The need for innovative fuel cycles29 December 2001
Nuclear power is at a turning point, with no consensus concerning its future role. We would expect to see a rising trend for nuclear power generation in the near future, but that is not the case.
There are no commitments in North America and Western Europe for construction of new nuclear power plants in the near future, and Germany and Sweden have decided to phase out existing nuclear plants. In addition, although many developing countries around the world have been considering the use of nuclear power for a long time, few have yet done so.
Globally, the number of power plant construction starts peaked in the 1970s, and connections to the grid in the 1980s, but current levels of both are far below the values achieved earlier. There is no indication that this global picture will change significantly in the coming decade.
The main issues hindering further global nuclear power growth are different for various reasons. Nuclear power development faces serious challenges of an economic and political nature in the two regions with the maximum experience in nuclear power development: North America and western Europe. In developing countries, the main issues are lack of adequate infrastructure, particularly in the back-end of the fuel cycle, lack of expertise in nuclear technology and its safety culture, as well as financing issues.
Political concerns on nuclear waste, safety and non-proliferation are also hindering the development of nuclear power. If nuclear power is to contribute significantly to meeting future energy demands, these issues, real or perceived, must be addressed. This is a particular challenge for developing countries that need electricity to mitigate the burdens of poverty and meet basic human needs. More must be done to assist developing countries interested in pursuing the nuclear option for electricity generation.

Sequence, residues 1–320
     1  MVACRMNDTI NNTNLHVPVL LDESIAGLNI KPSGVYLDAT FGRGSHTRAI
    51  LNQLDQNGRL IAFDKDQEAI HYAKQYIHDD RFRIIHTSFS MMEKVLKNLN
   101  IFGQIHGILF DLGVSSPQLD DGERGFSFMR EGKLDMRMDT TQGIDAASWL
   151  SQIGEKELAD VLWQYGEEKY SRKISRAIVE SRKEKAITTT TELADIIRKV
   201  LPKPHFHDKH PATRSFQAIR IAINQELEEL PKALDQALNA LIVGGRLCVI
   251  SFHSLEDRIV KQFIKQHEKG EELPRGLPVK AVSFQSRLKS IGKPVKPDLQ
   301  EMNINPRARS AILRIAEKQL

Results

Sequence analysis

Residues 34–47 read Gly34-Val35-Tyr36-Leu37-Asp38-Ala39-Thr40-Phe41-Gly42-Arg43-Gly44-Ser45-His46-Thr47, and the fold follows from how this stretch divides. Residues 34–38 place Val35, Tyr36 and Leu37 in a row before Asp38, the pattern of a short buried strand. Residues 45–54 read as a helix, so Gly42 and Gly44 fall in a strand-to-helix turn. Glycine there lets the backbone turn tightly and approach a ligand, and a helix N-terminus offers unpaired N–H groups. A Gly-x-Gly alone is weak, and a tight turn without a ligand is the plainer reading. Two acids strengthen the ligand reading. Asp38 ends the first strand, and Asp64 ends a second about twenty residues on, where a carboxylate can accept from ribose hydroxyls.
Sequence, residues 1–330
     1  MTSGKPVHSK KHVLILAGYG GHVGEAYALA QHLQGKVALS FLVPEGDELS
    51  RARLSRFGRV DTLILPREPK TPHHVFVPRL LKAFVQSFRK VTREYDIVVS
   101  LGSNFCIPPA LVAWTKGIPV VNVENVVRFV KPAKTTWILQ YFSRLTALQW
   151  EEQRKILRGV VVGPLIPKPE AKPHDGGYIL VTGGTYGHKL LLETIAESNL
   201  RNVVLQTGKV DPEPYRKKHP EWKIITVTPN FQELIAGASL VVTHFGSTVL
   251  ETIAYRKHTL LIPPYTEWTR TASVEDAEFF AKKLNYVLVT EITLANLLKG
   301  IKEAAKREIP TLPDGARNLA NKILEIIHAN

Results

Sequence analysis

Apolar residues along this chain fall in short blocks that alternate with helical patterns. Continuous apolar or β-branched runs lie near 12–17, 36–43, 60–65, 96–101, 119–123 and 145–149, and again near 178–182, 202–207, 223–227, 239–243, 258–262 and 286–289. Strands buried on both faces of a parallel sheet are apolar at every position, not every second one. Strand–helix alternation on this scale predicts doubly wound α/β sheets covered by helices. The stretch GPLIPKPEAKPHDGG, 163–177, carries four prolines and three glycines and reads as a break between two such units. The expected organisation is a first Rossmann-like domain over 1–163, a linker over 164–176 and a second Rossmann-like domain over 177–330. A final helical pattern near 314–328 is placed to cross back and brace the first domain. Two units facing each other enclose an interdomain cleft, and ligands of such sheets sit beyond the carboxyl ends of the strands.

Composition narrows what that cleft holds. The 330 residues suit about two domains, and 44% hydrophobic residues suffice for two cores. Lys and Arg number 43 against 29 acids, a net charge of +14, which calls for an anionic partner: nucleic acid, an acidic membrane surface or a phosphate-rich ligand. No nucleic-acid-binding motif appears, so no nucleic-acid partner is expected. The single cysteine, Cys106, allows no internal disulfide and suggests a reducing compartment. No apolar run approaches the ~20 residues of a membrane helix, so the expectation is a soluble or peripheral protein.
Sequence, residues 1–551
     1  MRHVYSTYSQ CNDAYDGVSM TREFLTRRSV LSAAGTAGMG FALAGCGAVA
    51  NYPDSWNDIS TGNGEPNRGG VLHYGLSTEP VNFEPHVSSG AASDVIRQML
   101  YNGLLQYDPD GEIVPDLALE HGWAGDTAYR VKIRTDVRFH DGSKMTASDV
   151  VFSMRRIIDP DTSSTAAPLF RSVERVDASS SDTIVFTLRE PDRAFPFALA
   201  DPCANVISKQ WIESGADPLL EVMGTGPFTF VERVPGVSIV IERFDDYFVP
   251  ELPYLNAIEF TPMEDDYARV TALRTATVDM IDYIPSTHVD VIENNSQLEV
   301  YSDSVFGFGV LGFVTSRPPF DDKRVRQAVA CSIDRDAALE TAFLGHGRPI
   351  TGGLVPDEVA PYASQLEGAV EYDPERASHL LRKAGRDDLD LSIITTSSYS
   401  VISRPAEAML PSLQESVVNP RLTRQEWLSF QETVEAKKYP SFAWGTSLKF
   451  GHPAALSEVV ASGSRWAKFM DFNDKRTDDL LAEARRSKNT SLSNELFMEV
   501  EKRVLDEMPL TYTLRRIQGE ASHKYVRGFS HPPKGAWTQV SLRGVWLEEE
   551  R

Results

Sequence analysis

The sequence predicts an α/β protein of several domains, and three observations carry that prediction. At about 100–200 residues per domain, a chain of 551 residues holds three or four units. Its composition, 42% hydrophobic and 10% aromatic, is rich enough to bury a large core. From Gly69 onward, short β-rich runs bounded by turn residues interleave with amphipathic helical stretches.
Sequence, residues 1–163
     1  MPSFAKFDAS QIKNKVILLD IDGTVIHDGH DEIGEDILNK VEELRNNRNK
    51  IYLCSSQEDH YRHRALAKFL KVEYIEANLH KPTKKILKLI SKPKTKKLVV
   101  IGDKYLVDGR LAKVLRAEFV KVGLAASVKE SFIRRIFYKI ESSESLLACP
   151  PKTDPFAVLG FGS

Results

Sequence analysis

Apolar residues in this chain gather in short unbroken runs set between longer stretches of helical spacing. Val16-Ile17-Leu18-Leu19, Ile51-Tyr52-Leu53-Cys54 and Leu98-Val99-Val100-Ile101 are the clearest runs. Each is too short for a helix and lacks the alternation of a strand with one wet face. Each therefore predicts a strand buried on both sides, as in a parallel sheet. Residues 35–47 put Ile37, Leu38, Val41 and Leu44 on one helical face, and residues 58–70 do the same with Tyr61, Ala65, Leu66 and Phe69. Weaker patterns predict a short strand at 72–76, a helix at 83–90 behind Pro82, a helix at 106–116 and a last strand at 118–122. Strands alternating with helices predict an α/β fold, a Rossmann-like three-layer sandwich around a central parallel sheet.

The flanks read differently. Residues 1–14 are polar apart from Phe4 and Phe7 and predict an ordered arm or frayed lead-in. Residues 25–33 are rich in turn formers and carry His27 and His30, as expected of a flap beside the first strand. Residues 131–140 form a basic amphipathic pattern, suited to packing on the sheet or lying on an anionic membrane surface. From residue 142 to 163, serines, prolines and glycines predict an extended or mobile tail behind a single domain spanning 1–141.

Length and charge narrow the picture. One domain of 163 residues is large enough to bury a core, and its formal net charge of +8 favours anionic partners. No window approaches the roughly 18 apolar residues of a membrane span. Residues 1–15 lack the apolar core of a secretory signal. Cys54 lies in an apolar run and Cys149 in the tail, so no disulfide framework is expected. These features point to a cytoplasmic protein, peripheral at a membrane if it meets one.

Evolutionary design advanced reactors are very important for the continuation of nuclear power development in the near future. Nevertheless, they can not be considered from an economic point of view as a basis for large-scale deployment of nuclear power at a global level.
There is a need, in addition to evolutionary systems, to develop innovative designs with much shorter construction times and with significantly lower specific capital costs. These designs should be attractive to the deregulated markets in western industrialised countries when the time comes to replace existing reactors. The new designs should also be attractive to developing countries with small electricity grids, or in regions without grid connections, or for non-electricity applications such as district heating and desalination. Whether it should be the same type of reactor and fuel cycle system for both industrialised and developing countries has not yet been resolved.
The Intenational Nuclear Safety Advisory Group (INSAG) suggested requiring that future nuclear plants be safer by a factor of 10 than the targets set for existing reactors (ie target of 10-5/year for core damage and 10-6/year for large radioactive releases for future plants).
The INSAG-12 report states: "Another objective for these future plants is the practical elimination of accident sequences that could lead to a large early radioactive release, whereas severe accidents that could imply late containment failure would be considered in the design process with realistic assumptions and best estimate analysis so that the consequences would necessitate only protective measures limited in area and time."
Evolutionary designs explore avenues to increase safety which include using modern control technology, simplifying safety systems, making use of passive designs and extending the required response times for safety systems actuation and operator action. A primary goal could be a level of confidence in plant safety sufficient to eliminate the need for detailed evacuation plans, emergency equipment, and periodic emergency evacuation drills.